Wal-Mart doesn't care what your community thinks
In 2005, Wal-Mart real-estate manager Jeff Doss spoke about an oft-cited remark by company founder Sam Walton that Wal-Mart would not build stores in towns if the residents did not want them. "Were that the case," he said, "we'd never build a store anywhere".[Kenneth E. Stone, "Impact of the Wal-Mart Phenomenon on Rural Communities," 1997]
WHY

Crossville, TN

#9 Feb 11, 2010
Wal-Mart and Imports
70% of the commodities sold in Wal-Mart are made in China.[China Business Weekly, November 29, 2004]
Just because Wal-Mart bought goods from suppliers based in the United States does not mean that they were actually manufactured in the United States. In fact, Ray Bracy, Wal-Mart's vice president for federal and international public affairs, was asked, "Do you have any idea what percentage [of non-grocery, domestic sales] comes from overseas?" He responded, "What we don't know is the numbers of products that come from distributors or from manufacturers that they [sic] decide where to manufacture." Wal-Mart fails to track where their products are manufactured.[Frontline, 11/16/2004]
WHY

Crossville, TN

#10 Feb 11, 2010
Wal-Mart and China
Download the Wal-Mart and China flyer - PDF

Wal-Mart buys most of its merchandise from China

Over 80% of Wal-Mart's suppliers are based in China.["China must tame economic dragon or face disaster" The Irish Times, 15 May 2008]
In 2007 alone, Wal-Mart directly imported approximately $32 billion in merchandise from China. That's nearly 10% of all U.S. imports from China.["Wal-Mart to push 1,000 Chinese suppliers to adopt green agenda" Financial Times, 7 April 2008] Note: This figure does not include purchases from other name brand suppliers who also source from China. If these suppliers were included, this number would be far higher.
70% of goods on Wal-Mart's shelves come from China.[China Business Weekly, November 29, 2004]
As of 2008, if Wal-Mart was its own country, it would rank as the eighth largest importer of Chinese goods, ahead of Russia and India.["US-China Trade Statistics and China's World Trade Statistics," US-China Business Council, 2008]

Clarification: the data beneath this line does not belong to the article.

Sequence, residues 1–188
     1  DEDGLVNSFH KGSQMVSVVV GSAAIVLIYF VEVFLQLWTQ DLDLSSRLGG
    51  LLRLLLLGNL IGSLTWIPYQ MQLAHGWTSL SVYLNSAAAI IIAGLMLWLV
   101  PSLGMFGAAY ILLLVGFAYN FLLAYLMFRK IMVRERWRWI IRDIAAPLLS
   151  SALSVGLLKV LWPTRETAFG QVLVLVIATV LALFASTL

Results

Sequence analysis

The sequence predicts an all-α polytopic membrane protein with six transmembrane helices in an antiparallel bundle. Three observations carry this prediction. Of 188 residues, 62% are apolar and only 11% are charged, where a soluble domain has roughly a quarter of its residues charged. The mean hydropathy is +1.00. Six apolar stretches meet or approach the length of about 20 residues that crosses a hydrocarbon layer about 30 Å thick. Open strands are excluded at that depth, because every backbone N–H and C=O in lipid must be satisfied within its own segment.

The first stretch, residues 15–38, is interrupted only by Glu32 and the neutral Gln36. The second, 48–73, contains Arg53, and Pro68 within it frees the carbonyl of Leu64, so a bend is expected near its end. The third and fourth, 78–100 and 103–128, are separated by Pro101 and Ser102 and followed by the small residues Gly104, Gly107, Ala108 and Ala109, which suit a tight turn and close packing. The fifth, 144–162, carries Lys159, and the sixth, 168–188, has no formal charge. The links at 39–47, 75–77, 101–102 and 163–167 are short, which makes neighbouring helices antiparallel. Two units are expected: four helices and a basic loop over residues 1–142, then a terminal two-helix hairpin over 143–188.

Many of Wal-Mart's "American Suppliers" actually manufacture most or all of their products in China

One example of an "American supplier" is Hasbro, headquartered in Rhode Island. Today, Wal-Mart is the largest purchaser of Hasbro productsóaccounting for 24% of all Hasbro products or more than $900 million in sales. But Hasbro reports that "the substantial majority of our toy products are manufactured in China." [2008 Hasbro 10-K filed with the SEC ]
Wal-Mart's Chinese factory workers are treated poorly

A 2008 report by the National Labor Committee found that workers making holiday ornaments for Wal-Mart in Guangzhou, China were paid only 2/3 of the legal minimum wage, often worked 95 hour weeks, and were forced to work for months without a single day off. The report also found that children as young as 12 worked in the factory and that workers handled dangerous chemicals without even the most rudimentary form of protection, leading to serious skin rashes and sores.["A Wal-Mart Christmas: Brought to You by a Sweatshop in China," The National Labor Committee, December 2007]
Workers face appalling work conditions, despite Wal-Mart's factory inspection program

As of early 2008, only 26% of Wal-Mart's factory inspections are unannounced, providing managers the opportunity to coach workers on what to say and hide violations. In contrast, 100% of the audits conducted by Target, one of Wal-Mart's chief competitors, are unannounced.[T.A. Frank, "Confessions of a Sweatshop Inspector," Washington Monthly, April 2008
WHY

Crossville, TN

#11 Feb 11, 2010
Wal-Mart and Worker Injuries
Wal-Mart cares little for the safety of its workers

In 2005, the United States Court of Appeals for the District of Columbia Circuit has upheld a $5,000 fine against a Wal-Mart store in Hoover, Ala., for blocking emergency exits. The court upheld a decision by a judge who found that Wal-Mart was guilty of a serious and repeated offense.[New York Times, 5/17/05]
According to New York Times report in 2004, Wal-Mart instituted a "lock-in" policy at some of its Wal-Mart and Sam's Club stores. The stores lock their doors at night so that no one can enter or leave the building, leaving workers inside trapped. Some workers reported that managers had threatened to fire them if they ever used the fire exit to leave the building. Instead, they were supposed to wait for a manager to unlock doors to allow employees to escape in an emergency.[New York Times 1/18/2004]